A sadness veiled my community recently when the life of a middle school student was lost. Though I didn’t know the family who is now grieving their precious child, like everyone else, I ached for their broken hearts and my head felt like a blender imagining what the family and friends were going through. I sent a text to a friend whose child is in the same grade, asking how she was processing the tragic death. My friend made my eyes water when she relayed that she walked in to tell her daughter it was time for dinner and found her praying.
Having faith doesn’t make the hard things in life go away, but it sure gives kids a grounding to help them deal with those events. I told my friend I was so glad her kiddo had her faith to lean on when it seems like so many kids just have their phones.
The world has always been a mixture of joy and pain, but the challenges we face can feel overwhelming to kids (and adults) as we reckon with racial injustice, climate change, economic challenges in families, and life emerging from the pandemic with shifts in mental health, social norms, routines, and friend groups. It’s a lot. The data on mental health and self-harm tells us our kids need help and support.
I’ve been writing faith education resources for 1517 Media’s entities for almost two decades now. Every project I’ve been a part of has had an underlying goal of helping learners know that they are beloved children of God and part of God’s unfolding story in human history. I innately write through the lens of being a mom and a pastor and the experiences I’ve had in those roles.
Some of my favorite writing projects have been working with Dan Erlander’s truly beautiful collection as it is re-released with supplemental faith resources. I first flipped through Manna and Mercy when I found a copy in my internship office in Colorado Springs, Colorado 25 years ago. It wasn’t like anything else I’d seen before—the scope of scripture in a palatable, user-friendly format conveying God’s love for creation better than the two-inch tomes on my systematic theology shelf.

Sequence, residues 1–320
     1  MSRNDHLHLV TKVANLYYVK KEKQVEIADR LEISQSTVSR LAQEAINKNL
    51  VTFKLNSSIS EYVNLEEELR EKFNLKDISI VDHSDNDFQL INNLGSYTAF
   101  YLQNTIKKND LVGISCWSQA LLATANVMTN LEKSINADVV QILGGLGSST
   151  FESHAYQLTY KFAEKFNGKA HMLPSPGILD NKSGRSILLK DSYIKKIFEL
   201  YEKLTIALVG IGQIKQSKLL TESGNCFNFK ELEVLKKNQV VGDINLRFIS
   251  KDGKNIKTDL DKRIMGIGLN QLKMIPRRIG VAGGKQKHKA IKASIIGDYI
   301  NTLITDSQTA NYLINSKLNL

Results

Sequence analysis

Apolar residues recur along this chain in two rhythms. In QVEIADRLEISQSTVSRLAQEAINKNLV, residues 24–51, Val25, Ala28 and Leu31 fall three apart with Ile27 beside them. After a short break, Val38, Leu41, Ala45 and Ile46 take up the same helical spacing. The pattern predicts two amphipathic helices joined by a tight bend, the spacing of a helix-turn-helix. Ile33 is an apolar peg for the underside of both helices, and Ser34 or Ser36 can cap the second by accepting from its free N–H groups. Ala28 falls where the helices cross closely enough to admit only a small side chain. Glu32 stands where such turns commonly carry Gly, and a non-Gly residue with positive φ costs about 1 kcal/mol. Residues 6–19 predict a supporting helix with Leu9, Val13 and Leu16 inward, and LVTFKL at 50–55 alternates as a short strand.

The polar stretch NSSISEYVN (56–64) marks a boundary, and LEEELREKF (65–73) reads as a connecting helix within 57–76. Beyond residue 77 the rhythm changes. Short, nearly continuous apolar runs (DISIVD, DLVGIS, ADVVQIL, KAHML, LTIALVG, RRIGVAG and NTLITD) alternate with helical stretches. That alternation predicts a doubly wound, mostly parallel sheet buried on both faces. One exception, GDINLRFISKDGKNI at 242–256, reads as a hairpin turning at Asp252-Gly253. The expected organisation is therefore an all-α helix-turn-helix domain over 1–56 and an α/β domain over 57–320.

So when asked if I would help format Dan’s work into an interactive edition for kids, I was honored. I hope that in kids’ hands, it is doodled in, smeared up with cookie crumbs, and filled with their unanswerable questions. I hope they laugh at the prairie dogs, wonder at the people, and relate all of it to their own lives. Most of all, I hope that when they face both the joys and challenges that lie ahead in their young lives, this resource will have helped equipped them with tools of faith, inherently knowing that they too are part of God’s unfolding story and the mending of the universe. Come what may, I hope they know they are beloved children of God.
Manna and Mercy: An Interactive Edition for Kids is available now.